When investors talk about innovation they tend to mean the latest Fintech development or electric car.
While India is seeing this kind of innovation with the growth of 4G and smart phones, perhaps more important for its long-term strength, says Sandeep Kothari, portfolio adviser for the Fidelity Funds – India Focus Fund, is the change in the governance of its companies and the reform of its institutions.
This is creating a richer, deeper market as more entrepreneurs realise the importance a healthy relationship with the capital markets to scale up their businesses.
The headline reforms under Modi have been the demonetisation of bank notes and the introduction of a uniform indirect tax across the country (the Goods and Services Tax or GST).
Bankruptcy code is major reform
These have been useful for the economy as a whole, but there have been other reforms that have been as important for the corporate sector.
Kothari says: “The introduction of a bankruptcy code has been a major reform. Previously, entrepreneurs were funded by banks as in the case of a default for any reason, banks had to take the haircut while entrepreneurs did not lose equity/control of the company.
“With the new bankruptcy law, the entrepreneur will have to give up the business to the highest bidder for equity. This will go a long way in improving the credit culture and capital allocation in the country.”
He believes these and other reforms are increasingly reflect in the strength of India’s companies: “The banking system is just coming out of a bad loan cycle and the leverage in the system is low,” he adds. “Private sector capex is yet to recover but the consumption side of story is doing well.”
Uplift in corporate governance practices
The impact of government reform has been matched by a significant improvement in corporate governance practices and awareness about minority shareholder interests.
There has been a notable evolution of management from family-owned to more professionally-run companies, which has led to increased scalability in Indian businesses. Kothari points to companies such as HDFC Bank, Hindustan Unilever, Wipro and ITC as examples of well-run companies.
The problem with India has long been that this strength is widely reflected in stock market valuations, which tend to outstrip their emerging market peers. Does Kothari believe Indian equities represent good value?
“Indian equities have performed well over the last five years with MSCI India Index generating 14% annualised growth in USD terms” he says.
“As a result, valuations are at the higher end versus long term average. However, at the stock level there are wide disparities in terms of valuations, as well as earnings prospects and balance sheet quality. I continue to believe that India is a stock picker’s market and going forward, a fundamental-based bottom up approach will be even more important.”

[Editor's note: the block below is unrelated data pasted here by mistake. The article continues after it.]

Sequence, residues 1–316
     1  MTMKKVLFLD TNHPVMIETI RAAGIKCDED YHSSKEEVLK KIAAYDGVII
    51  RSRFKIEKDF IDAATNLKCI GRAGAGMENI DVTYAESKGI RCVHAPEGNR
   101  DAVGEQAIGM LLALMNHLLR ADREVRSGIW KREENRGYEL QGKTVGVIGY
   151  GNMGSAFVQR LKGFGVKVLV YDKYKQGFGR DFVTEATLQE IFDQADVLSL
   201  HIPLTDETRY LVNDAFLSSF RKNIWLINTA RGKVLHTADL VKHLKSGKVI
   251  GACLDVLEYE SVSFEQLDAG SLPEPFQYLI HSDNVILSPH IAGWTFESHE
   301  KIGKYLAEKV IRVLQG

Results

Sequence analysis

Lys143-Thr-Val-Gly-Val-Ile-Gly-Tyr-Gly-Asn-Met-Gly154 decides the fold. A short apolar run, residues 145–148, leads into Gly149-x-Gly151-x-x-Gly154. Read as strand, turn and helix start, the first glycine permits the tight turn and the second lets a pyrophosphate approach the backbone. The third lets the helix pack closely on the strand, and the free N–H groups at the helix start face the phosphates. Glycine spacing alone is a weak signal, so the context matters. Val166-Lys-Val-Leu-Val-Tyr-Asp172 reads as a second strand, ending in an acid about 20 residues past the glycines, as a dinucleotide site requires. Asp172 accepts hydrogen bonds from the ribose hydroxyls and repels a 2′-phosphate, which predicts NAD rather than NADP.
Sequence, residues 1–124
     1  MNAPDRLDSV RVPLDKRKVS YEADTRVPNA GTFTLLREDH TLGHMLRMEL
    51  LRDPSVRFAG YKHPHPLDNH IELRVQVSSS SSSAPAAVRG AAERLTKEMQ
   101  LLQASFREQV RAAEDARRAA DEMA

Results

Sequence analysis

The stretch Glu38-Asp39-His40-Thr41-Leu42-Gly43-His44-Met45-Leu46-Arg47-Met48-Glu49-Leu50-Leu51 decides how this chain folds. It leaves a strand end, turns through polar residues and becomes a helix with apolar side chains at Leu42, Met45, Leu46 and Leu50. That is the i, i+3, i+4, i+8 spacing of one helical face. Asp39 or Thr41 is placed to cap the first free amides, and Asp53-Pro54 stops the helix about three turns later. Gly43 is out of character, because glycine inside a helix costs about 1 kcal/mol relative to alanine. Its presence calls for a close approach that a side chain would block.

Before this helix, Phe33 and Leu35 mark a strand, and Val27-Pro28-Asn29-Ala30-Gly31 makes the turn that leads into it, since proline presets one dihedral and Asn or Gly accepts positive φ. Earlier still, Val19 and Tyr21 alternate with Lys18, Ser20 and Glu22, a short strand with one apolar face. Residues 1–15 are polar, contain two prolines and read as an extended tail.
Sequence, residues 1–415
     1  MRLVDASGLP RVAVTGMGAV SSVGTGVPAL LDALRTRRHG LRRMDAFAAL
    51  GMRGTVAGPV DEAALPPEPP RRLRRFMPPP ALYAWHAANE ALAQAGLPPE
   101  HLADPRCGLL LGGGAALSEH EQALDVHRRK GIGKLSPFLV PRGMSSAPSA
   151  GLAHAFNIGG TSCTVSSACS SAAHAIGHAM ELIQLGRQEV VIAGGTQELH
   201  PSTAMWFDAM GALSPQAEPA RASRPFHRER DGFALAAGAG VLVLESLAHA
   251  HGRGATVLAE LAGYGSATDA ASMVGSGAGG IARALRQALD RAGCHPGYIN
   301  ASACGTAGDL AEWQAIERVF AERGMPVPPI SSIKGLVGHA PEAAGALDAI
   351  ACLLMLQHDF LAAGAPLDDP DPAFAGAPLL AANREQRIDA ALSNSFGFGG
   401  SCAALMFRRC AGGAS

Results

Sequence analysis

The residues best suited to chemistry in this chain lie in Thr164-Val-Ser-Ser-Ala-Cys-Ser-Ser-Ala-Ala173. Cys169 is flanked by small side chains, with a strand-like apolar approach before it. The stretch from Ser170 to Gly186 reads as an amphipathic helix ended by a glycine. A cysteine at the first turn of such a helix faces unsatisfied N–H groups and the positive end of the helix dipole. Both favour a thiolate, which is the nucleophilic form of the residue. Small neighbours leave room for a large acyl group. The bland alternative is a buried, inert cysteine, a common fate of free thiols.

Overweight in financial services and consumer goods
The Fidelity fund focuses on identifying opportunities in high quality growth stocks, which have higher returns on equity, stronger free cash flow and lower debt.
Its approach has put it in the top quartile of the offshore FO Equities – India sector over three years. It has also defended capital better that many of its peers during the recent rout in Indian equities, sitting 5th out of 40 funds in the sector over one year. It has fallen 8.5%, compared to falls of over 20% for some of its peers.
The fund is currently overweight in areas such as financial services and consumer goods companies such as HDFC Bank and India’s largest footwear retailer Bata India, which have greater scope to grow.
Kothari adds: “We are also finding opportunities in sectors that benefit from a revival of the capex cycle, such as Larsen & Toubro, a high-quality engineering and construction company with strong project execution track record.
“We also hold a position in staffing firm TeamLease Services as it benefits from structural growth amid changing labour laws and the ongoing formalisation of the Indian economy.”
There are concerns in the short-term, says Kothari. With an election looming, further structural reform looks unlikely for the time being. At the same time, while India has relatively low external debt – 20.5% of GDP, with large forex reserves to act as a cushion – and relatively low export exposure to China and the US, it cannot be completely immune to the difficulties in global trade, rising oil prices and a high dollar.
He says: “India runs a trade deficit and it is one of the largest importers of oil. A rise in oil prices and/or depreciation in INR versus the US dollar adversely impacts its trade balance and creates inflationary pressures in the economy.
“Also, the Indian economy is dependent on foreign capital, fund flows into the country could reverse if trade wars lead to higher inflation in the US, rise in US interest rates and resultant strengthening of the dollar.”
However, he believes the long-term case for India remains sound. The country has a large domestic economy with a growing pool of young, well-educated workers, increasing penetration of goods and services, growing urbanisation and efficiency gains due to infrastructure development.
More importantly, for the time being, it remains under the radar of the US administration. This alone makes it a relatively safe haven as emerging market turmoil continues.